The judges of the Superior Court had the authority under G. L. c. 221, Section 91, to order retroactive salary increases for court stenographers, and the county commissioners were required to pay the increases, out of their reserve funds if necessary, notwithstanding the provisions of G. L. c. 35, Sections 32 and 34. [458-462]
CIVIL ACTION commenced in the Supreme Judicial Court for the county of Suffolk on April 15, 1975.
The case was reserved and reported by Quirico, J.
John F. Gollinger for the plaintiffs.
Paula R. Rosen, Assistant Attorney General (James Klopper with her) for the defendant.
HENNESSEY, C.J. The county commissioners and the treasurer of Middlesex County (commissioners) brought this action for declaratory relief to determine the legal effect of an order of the judges of the Superior Court,
dated September 20, 1974. This order raised the salaries of the Superior Court stenographers and required that the commissioners spend money on salaries beyond their county's appropriation therefor. The single justice reserved and reported the matter to the full court for a decision.
The parties stipulated to the following material facts. On April 26, 1974, the judges of the Superior Court voted to grant their stenographers a 6.2% cost of living pay increase. The increase was retroactive to January 1, 1974, and was contingent on the passage of legislation then pending before the General Court which would grant a similar increase to certain county employees. After this legislation, St. 1974, c. 482, was approved by the Governor on July 8, 1974, the judges ordered the county commissioners for the various counties to raise the annual salaries paid to court stenographers, effective January 1, 1974. The commissioners have refused to pay the 6.2% increase and also have failed to include this increase in their budget requests for years subsequent to 1974. [Note 1] The General Court has made no appropriation to the counties specifically covering the 6.2% salary increase. The commissioners will pay the increase, if so required, out of the commissioners' reserve fund. [Note 2]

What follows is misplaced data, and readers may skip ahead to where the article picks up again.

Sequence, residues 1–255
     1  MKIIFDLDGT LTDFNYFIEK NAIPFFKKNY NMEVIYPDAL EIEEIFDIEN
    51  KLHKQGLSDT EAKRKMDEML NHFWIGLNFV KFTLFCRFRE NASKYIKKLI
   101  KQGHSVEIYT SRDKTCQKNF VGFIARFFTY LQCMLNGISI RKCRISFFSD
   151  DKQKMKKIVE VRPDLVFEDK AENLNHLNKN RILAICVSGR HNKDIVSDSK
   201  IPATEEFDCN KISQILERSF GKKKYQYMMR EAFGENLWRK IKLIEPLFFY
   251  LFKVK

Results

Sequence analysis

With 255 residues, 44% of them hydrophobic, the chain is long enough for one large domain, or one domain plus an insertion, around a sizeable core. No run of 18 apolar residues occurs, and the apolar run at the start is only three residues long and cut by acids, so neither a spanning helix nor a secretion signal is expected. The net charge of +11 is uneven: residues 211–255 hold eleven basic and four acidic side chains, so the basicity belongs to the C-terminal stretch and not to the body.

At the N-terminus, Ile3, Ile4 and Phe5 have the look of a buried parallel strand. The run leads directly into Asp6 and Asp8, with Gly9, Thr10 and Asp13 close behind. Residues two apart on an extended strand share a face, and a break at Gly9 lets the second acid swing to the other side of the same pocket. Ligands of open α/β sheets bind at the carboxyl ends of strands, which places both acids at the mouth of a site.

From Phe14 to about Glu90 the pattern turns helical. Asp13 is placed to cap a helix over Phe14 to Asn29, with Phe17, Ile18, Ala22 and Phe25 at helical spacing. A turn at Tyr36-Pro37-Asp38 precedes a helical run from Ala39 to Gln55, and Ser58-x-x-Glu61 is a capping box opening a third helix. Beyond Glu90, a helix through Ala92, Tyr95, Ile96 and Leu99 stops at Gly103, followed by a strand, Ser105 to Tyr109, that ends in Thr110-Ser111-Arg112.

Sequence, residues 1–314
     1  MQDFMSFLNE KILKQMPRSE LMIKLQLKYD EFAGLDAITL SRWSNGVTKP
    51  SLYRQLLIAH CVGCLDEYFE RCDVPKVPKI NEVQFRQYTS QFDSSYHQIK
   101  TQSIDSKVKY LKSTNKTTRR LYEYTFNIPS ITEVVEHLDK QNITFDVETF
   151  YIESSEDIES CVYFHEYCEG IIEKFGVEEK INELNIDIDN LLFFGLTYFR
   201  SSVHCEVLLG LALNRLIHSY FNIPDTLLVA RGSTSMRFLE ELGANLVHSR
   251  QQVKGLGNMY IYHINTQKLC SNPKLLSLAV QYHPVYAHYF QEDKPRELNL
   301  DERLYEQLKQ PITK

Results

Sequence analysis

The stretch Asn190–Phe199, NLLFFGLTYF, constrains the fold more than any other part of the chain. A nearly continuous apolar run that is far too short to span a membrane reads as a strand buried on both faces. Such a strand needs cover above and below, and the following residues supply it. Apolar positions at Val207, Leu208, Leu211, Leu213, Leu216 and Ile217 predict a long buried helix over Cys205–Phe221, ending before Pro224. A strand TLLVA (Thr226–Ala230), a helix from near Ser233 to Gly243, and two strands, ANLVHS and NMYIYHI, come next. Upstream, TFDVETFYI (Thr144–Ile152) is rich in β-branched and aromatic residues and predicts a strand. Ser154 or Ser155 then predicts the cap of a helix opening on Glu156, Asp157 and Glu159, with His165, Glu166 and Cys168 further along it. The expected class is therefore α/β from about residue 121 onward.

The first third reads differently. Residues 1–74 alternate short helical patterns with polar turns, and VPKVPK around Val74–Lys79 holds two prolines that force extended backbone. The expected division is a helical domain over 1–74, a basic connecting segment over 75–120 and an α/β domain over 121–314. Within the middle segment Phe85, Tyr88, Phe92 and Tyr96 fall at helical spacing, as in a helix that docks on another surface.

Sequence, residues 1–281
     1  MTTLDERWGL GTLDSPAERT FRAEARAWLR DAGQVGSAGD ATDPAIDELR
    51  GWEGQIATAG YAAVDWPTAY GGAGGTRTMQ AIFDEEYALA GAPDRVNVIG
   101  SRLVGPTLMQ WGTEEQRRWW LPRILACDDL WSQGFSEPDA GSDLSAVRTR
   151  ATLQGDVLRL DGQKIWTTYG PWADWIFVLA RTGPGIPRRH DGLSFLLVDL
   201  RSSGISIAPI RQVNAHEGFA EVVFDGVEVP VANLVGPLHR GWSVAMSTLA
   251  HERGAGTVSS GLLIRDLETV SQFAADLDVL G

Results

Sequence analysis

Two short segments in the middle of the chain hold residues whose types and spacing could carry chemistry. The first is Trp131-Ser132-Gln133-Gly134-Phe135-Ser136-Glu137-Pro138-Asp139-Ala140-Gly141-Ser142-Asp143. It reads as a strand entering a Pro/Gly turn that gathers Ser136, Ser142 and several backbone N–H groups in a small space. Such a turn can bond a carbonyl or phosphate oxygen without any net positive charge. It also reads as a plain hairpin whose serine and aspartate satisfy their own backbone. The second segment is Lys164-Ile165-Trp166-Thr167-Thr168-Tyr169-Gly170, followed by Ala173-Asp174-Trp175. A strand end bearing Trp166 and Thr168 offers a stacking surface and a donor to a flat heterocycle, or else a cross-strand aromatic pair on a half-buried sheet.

The commissioners contend that they cannot lawfully comply with the order of the judges because no prior appropriation of funds has been made by the General Court for such a salary increase. They argue that an order of the judges of the Superior Court pursuant to G. L. c. 221, Section 91, cannot take effect, under G. L. c. 35, Sections 32, 34, until appropriations sufficient to cover the order's costs are made. In addition, they claim that the inherent power of
courts to provide for reasonably necessary expenditures, O'Coin's, Inc. v. Treasurer of the County of Worcester, 362 Mass. 507 (1972), does not include the power to order retroactive pay increases for their personnel, and that St. 1974, c. 482, Section 2, does not include court stenographers in its grant of salary increases to certain county employees. Therefore, they maintain that the stenographers are not entitled to pay increases for the years 1974 and 1975 by virtue of the statutory or inherent powers of the Superior Court judges or by virtue of the general statutory increase. We disagree.
We conclude that the provisions of G. L. c. 221, Section 91, and G. L. c. 35, Sections 32, 34, do not conflict and that the commissioners are obliged to pay salary increases to court stenographers as ordered by the judges of the Superior Court under the powers given them in G. L. c. 221, Section 91, despite the lack of prior appropriation. In light of this conclusion, we do not reach and need not consider the alternative arguments of the commissioners.
The Legislature gave the judges exclusive control over their stenographers' salaries. General Laws c. 221, Section 91, as appearing in St. 1972, c. 492, Section 2, reads, "Official stenographers . . . appointed by the justices of the superior court shall receive salaries which shall be established from time to time by said justices. . . . Said salaries . . . shall be paid by the respective counties upon order of the court" (emphasis added). Contrast G. L. c. 221, Section 68, as amended through St. 1952, c. 588 ("The reporter shall receive from the commonwealth a salary to be fixed by the chief justice of the supreme judicial court, with the approval of the governor and council . . . ."); G. L. c. 221, Section 93, as amended through St. 1960, c. 743, Section 1 ("The clerk of the supreme judicial court for the commonwealth shall receive from the commonwealth as salary a sum equivalent to seventy-five per cent of the salary of an associate justice of the supreme judicial court"). This language on its face is mandatory, allowing the counties no role in the establishment of salary levels and no choice in the payment of established salaries. The Legislature clearly intended that the court's power in